An inter-dependent ecosystem

posted on 27th May 2020
An inter-dependent ecosystem

As TIACA we have the privilege to count among our members companies from all parts of the air cargo industry and supply chain and from all over the world. And it is clear that this crisis poses different challenges for each of the sectors and companies. However, we are part of an ecosystem and very dependent on each other.

As an airline company, handler, airport, trucker or forwarder, we all suffer the consequences of this crisis, but the concerns and challenges are often different. However, several common factors link them together. The implementation of new processes and new ways of working has been a key element, as has adaptability. In addition, government support – both in response to overly restrictive regulations and through financial assistance for the sector – has been an experience shared by the majority of players in our industry. And we have done – and continue to do – everything we can to support them, in particular through lobbying on behalf of air cargo.

Intensive cooperation
We have worked very intensively with other organisations such as ICAO, WHO, IATA, when it comes to policy. We are very much in favour of joining forces and strongly believe that together we will achieve faster and better results for the benefit of our industry. At the same time, we also notice that other organisations and politicians in the broader issue of aviation often forget to look at air freight. So, giving enough attention to this and continuing to insist on the importance of air freight is something we have done very actively.
Finally, we are also very pleased that we have been able to assist many individual members in continuing their operations or certain parts of operations, by contacting local governments or organisations and weighing on the agenda or by being able to escalate and solve problems through our network.

We have also launched a survey to identify the main needs and problems that our members are currently facing so we can adjust our work and help our members as best we can, particularly in the reconstruction phase post-COVID-19.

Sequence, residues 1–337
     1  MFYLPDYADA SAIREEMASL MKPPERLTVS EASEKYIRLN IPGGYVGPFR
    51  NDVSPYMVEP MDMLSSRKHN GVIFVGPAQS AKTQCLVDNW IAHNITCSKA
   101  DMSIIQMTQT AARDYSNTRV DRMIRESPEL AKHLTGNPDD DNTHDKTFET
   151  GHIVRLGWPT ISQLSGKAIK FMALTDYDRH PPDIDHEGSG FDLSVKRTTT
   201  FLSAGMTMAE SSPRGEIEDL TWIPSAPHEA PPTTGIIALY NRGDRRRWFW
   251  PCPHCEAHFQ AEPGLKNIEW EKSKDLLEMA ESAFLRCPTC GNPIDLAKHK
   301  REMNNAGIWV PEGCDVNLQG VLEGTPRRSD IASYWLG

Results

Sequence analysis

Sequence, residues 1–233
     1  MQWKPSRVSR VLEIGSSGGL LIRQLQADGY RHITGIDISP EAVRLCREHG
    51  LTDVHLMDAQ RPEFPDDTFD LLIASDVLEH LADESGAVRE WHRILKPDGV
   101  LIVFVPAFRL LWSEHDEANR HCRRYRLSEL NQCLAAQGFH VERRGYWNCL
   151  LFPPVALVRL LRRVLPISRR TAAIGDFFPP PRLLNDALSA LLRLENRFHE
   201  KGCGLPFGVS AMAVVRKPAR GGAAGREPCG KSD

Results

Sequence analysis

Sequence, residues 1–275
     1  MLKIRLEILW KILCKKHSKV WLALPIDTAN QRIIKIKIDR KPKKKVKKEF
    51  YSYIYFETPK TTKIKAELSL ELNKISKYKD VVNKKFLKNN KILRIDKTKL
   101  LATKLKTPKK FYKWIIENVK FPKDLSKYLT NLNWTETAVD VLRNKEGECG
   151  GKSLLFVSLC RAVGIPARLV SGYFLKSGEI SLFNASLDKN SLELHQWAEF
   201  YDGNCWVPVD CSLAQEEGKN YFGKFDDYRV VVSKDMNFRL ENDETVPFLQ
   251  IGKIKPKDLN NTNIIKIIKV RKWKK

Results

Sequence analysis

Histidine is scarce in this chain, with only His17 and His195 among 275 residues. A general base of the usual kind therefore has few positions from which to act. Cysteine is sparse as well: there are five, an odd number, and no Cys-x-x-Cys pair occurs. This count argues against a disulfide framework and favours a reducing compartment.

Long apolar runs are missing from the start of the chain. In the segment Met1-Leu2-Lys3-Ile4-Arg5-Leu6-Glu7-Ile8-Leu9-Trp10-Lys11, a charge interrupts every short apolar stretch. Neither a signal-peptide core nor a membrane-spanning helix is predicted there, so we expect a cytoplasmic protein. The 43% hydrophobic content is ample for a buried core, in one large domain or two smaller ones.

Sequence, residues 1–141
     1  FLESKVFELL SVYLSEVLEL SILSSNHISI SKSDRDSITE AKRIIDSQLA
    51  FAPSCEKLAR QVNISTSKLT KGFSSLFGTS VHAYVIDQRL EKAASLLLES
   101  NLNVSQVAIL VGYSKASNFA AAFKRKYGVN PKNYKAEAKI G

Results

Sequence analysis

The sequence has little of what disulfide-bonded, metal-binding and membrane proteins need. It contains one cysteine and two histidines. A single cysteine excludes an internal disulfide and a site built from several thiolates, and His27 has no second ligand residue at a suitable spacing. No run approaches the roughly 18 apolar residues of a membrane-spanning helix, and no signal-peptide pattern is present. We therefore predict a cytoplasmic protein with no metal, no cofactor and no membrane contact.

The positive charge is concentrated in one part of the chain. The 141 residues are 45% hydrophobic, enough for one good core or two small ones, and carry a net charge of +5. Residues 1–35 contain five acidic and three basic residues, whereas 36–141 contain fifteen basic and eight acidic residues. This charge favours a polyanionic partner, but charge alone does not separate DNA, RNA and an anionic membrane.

Supporting the air cargo sector
While aviation is being hit hard, we must not forget that the air cargo industry is doing an incredibly good job and is once again demonstrating our strengths and qualities. Unfortunately, many companies in our industry also depend on what happens on the passenger side; the many airlines, handlers or airports are hit hard, and air cargo is not immune to the consequences.

Now that the first measures have been taken to guarantee the supply chain and to continue to provide the world with air cargo capacity, it will be important to look further and ensure that our industry emerges from this crisis as unscathed as possible. It is utopian to think that later this year everything will return to normal; it will take a long time before aviation in general will have recovered. And that will have an impact on air freight.

We owe it to our members to help them prepare for the future. This aspect will of course be part of TIACA’s work in the months to come. We’re not there yet, but we owe it to ourselves to anticipate these issues well ahead of time.

Proud to work in air freight and logistics
Today you can be proud if you work in logistics, and especially in air freight. In many countries, this branch has been proclaimed a critical economic sector. Despite all the challenges, we have once again demonstrated our flexibility, agility and speed to adapt to the new reality. We really must be proud of that. In a lot of companies, air freight was the little brother, but at the moment we are in the spotlight. And rightly so. Hopefully, in the years to come, we will be able to cash in on the credit we have built up in recent weeks.

Changes and opportunities
All crises have something in common: they highlight the strengths and weaknesses of each system. Air freight and its stakeholders are no exception. Changes will undoubtedly occur in our industry, and we could see new leaders emerge – and perhaps even new activities. I expect a brighter future for the full freighters in the coming years, because the recovery of all that belly capacity will not be as fast as many hope or think.

We are also already seeing a greater demand for digital solutions. Paperless now suddenly also has the advantage that it means contactless. And apparently that is currently a bigger driver for many companies than the operational efficiency that digital brings. And even though the financial pressure is increasing for many companies in this struggle for survival, we also notice that sustainability in the broader sense is becoming even higher on the agenda of many companies in their strategy to be stronger in the future.

Lessons from this crisis
It is always dangerous and difficult to draw lessons while we are still in a crisis. 10 years ago, we had a financial crisis, and it was different from this one. Within 10 years, we will probably have another crisis and it will be different again. We should also dare to approach a crisis as a crisis, not as something structural. But it is clear that companies with a vision and a sustainable model survive a crisis better and easier than very opportunistic companies that have many more weak links in their chain and are therefore much more susceptible to disruption. And I feel that this will become a very important element in the coming years. What’s the point of earning a few percent more each year, if every few years a crisis wipes out all that advantage (and more) in the short term and even threatens the survival of the company?